Still Inspired

G scale on 9mm track? Are you mad? If so, this is the forum for you.

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Still Inspired

Postby NarrowGauge » Thu Mar 03, 2011 10:01 am

After thoroughly enjoying the building of Saxons Warehouse in the "Inspiring Stuff" thread I have longed to make another layout. Unfortunately returning to study and then new work commitments have prevented that. Until now.

I came across, by accident, a series of buildings on my way to work. Several days later I was able to return and take a few snap shots, although they are taken through a locked gate I was able to get enough photos to get the feel of the place. Here a just a couple.
Image
Image

I am planning to place a building like this/these on a small round layout. Using the Gnine loco and wagons that I had made earlier to carry goods (most likely fruit & veg) I will have the loco slip in and out of the shed and then round the outside of the factory.
My plan was to have the buildings constructed in a way as to prevent the viewer seeing all the layout at once. Thus hiding that fact the the layout is a continuous loop.

Image

Image

I was also thinking about making some sort of carousel the layout could sit on so when displaying the layout at a show it could be see from all sides / angles.

One problem I did think of though was being able to get the power to the layout. If I was only powering the track it would be simple to just a 6.5mm phono plug and socket in the dead center. However I wanted to be able to power on and off lighting and other mechanical accessories.

Dose anyone have any suggestions about getting power from the fixed base to a rotating layout?
Tess

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Postby chris stockdale » Thu Mar 03, 2011 10:39 am

Tess,

That's such a good layout design! I don't know what we might call it (beyond pizza, pizza plus?) but I'm really looking forward to seeing this develop.

cheers

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Postby bluey1989 » Thu Mar 03, 2011 1:37 pm

May be a silly answer to the rotating layout and fixed base and not sure how good it would be but what about copper tape?

Could be run in a complete circle on the base and layout so when the layout is placed on the base it marries up with the correct connection and when it turns always in contact.

This would only be the feeds to the layout but if you had a number of tape circuits would be able to switch the functions on and off too.

Or run the lights and other items off a battery pack located on the layout...

Like I say, not sure if it would work and might be a daft suggestion.

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Postby John New » Thu Mar 03, 2011 1:52 pm

Copper tape about 1" wide available in rolls from garden centres - sold as an organic slug repellent.
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Postby scott b » Thu Mar 03, 2011 6:41 pm

That would be an extra large Pizza with all the trimmings.
Have you thought battery power, either straight battery or as we have seen on another post basic RC. just a thought.
Love those buildings, great find.
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Postby Simon Andrews » Fri Mar 04, 2011 12:59 pm

A recenty issue of the 009 Society News featured a rotating layout using Scalextric slot car track for the base inorder to transfer power.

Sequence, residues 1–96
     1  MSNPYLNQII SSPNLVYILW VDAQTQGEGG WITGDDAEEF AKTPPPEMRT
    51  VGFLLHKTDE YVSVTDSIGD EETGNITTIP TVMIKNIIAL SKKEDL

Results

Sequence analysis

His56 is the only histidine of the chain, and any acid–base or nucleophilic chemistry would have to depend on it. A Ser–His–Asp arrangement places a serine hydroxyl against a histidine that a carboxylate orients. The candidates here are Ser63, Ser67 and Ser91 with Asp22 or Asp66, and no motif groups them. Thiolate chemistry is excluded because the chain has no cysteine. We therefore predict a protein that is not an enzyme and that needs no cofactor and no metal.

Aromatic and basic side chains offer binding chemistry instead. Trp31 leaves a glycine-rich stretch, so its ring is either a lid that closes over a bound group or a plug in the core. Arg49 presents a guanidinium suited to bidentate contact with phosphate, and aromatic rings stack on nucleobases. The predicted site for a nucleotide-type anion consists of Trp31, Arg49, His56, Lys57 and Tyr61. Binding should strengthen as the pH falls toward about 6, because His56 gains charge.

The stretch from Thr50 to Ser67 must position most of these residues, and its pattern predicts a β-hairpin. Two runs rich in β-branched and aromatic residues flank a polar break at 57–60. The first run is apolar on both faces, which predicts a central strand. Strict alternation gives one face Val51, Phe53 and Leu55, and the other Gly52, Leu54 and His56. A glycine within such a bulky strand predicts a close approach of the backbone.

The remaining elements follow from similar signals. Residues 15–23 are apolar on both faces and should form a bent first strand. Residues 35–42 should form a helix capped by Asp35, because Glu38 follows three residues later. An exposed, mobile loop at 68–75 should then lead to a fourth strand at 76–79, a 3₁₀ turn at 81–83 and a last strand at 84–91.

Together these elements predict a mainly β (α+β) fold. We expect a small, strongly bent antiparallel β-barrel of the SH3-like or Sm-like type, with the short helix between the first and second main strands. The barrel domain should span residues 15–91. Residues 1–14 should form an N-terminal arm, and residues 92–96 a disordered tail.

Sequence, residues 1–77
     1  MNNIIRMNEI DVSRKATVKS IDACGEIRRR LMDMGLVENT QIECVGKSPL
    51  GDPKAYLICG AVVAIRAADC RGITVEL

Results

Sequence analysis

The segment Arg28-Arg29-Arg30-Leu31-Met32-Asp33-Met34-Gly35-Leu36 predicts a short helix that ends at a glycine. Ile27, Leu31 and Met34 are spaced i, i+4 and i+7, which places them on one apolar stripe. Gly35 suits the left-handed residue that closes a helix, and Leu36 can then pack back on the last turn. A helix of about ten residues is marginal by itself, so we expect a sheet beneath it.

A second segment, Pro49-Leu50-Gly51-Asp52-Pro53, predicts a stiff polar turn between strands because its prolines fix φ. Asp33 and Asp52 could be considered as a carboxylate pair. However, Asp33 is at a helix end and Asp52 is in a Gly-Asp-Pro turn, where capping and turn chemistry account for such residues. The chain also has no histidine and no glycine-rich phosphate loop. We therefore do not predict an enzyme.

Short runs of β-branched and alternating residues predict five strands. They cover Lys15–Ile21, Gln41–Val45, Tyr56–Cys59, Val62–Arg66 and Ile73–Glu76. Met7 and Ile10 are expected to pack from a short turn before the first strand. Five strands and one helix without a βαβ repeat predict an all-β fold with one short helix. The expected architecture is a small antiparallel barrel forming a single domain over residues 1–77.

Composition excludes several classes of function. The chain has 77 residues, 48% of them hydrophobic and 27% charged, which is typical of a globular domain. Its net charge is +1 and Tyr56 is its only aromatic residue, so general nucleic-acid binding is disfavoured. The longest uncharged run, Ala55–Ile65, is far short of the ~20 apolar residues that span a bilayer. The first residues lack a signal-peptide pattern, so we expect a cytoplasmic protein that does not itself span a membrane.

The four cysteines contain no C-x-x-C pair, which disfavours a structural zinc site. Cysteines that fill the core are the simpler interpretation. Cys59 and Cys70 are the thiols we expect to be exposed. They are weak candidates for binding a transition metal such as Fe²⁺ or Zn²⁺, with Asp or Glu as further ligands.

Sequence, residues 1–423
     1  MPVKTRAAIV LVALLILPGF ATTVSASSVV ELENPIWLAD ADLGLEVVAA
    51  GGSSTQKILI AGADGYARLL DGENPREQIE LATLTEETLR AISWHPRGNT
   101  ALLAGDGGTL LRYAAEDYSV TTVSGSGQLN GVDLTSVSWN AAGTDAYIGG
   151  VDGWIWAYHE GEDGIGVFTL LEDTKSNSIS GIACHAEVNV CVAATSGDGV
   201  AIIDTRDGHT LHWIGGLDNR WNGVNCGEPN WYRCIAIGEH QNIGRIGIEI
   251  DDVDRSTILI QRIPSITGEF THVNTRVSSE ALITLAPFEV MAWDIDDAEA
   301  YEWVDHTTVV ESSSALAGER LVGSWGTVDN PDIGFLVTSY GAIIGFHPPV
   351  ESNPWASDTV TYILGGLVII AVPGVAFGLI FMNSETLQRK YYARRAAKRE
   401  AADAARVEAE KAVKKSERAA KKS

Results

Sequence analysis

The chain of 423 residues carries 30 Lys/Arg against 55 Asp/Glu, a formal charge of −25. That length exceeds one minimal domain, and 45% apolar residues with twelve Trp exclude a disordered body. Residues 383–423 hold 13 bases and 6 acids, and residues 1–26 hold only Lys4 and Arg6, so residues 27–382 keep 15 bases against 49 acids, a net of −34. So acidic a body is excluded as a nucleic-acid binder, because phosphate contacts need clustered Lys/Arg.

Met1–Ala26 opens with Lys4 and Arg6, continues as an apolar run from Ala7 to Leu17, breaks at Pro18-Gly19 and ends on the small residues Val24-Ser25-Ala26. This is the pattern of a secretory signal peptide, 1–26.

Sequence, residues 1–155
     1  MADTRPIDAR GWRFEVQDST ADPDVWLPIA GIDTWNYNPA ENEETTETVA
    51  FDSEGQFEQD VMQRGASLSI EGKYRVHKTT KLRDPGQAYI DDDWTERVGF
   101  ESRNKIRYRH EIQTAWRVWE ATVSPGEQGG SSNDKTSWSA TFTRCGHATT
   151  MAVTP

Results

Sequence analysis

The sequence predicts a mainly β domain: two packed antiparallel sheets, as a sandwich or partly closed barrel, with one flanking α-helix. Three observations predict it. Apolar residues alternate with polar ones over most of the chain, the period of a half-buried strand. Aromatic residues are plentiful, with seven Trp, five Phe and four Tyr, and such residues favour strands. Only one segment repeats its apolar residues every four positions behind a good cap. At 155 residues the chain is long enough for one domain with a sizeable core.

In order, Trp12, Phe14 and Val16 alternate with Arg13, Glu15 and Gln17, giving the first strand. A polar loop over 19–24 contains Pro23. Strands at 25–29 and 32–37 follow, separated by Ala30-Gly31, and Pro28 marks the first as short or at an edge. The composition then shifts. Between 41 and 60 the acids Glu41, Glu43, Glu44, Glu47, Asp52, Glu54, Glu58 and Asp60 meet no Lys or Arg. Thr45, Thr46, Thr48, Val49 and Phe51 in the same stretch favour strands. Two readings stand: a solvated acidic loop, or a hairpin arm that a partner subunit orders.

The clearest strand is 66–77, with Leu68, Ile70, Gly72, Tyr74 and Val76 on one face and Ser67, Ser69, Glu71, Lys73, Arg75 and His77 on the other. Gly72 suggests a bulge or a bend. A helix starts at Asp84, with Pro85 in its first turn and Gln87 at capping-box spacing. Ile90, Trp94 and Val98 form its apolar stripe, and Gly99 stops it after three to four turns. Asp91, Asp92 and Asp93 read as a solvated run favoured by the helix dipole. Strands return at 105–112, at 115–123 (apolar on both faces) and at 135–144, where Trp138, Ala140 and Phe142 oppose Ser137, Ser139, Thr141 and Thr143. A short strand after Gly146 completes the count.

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Postby bilson17 » Fri Mar 04, 2011 2:24 pm

dolls house builders use self-adhesive copper tape to get their wiring about their buildings. i know hobbycraft sell it, guess other places do too

few years ago, put a roundy-roundy together on top of a motorised display base. fed the power from a transformer to the display base, then had wipers running from that to the copper tape

for what it was, it worked fine, but whether you could do it with anything more complicated?

hope this helps a bit

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Re: Still Inspired

Postby More_Cats_Than_Sense » Fri Mar 04, 2011 5:39 pm

NarrowGauge wrote:
One problem I did think of though was being able to get the power to the layout. If I was only powering the track it would be simple to just a 6.5mm phono plug and socket in the dead center. However I wanted to be able to power on and off lighting and other mechanical accessories.

Dose anyone have any suggestions about getting power from the fixed base to a rotating layout?


One tried & tested way is a set of slip rings as can be seen in the picture below

Image

The board above has been reversed for cleaning (40-odd years worth of gunk, I had cleaned the inner ring just before I took the photo) and normally is positioned over the sprung contacts that can be seen just below it.

These are cast brass rings and contacts, but you can make similar out of copperclad board and simple sprung contacts but it shows the principle of the thing.
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Postby Adrian » Sat Mar 05, 2011 2:54 am

G'day Tess

Having actually built a couple of layouts that go around and around I can confirm that the slip rings that Barry showed do work participially well.
The ones in his photo are a bit of an overkill for your application (and mine) but I have made a simpler/lighter version using a square or PCB board. ( http://www.jaycar.com.au/index.asp part number HP9510 300 mm square about $20 plus postage ).
After finding the centre of the PCB I scribed a series of circles using a pair of metal dividers going just deep enough to cut through the copper. A hole drilled through the board on each circle allowed a wire to be soldered.
I mounted the disc on my layout and a series of brass wipers on the legs/base unit. (This helps protect the wipers when transporting the layout to a show).
I would shy away from using the self adhesive copper tape for making the slip rings as I have used this stuff, with good results, for some wiring under layouts but found the adhesive was not the best and it tends to lift after a while. This would not be a good thing, especially during a show !

Another idea is to use the phono plug as you suggested and then control the whole layout using DCC. The accessories could either be controlled by stationary decoders or even loco decoders using the accessory lines.

Then of course it is possible to branch out and use radio control, infra red remote control or even (using a stereo Jack connector giving three wires between the base and the layout) use two micro controllers (one on the layout and one on the base) that 'speak' to each other via a single serial line. All of these options are possible but do need either money and/or a knowledge of electronics to implement.

Another fun option is after building the layout mount 3 wheels under it and motorize one of them and have the whole thing revolve under its own power ...... great fun !
Looking forward to seeing how you overcome the problems as they arise.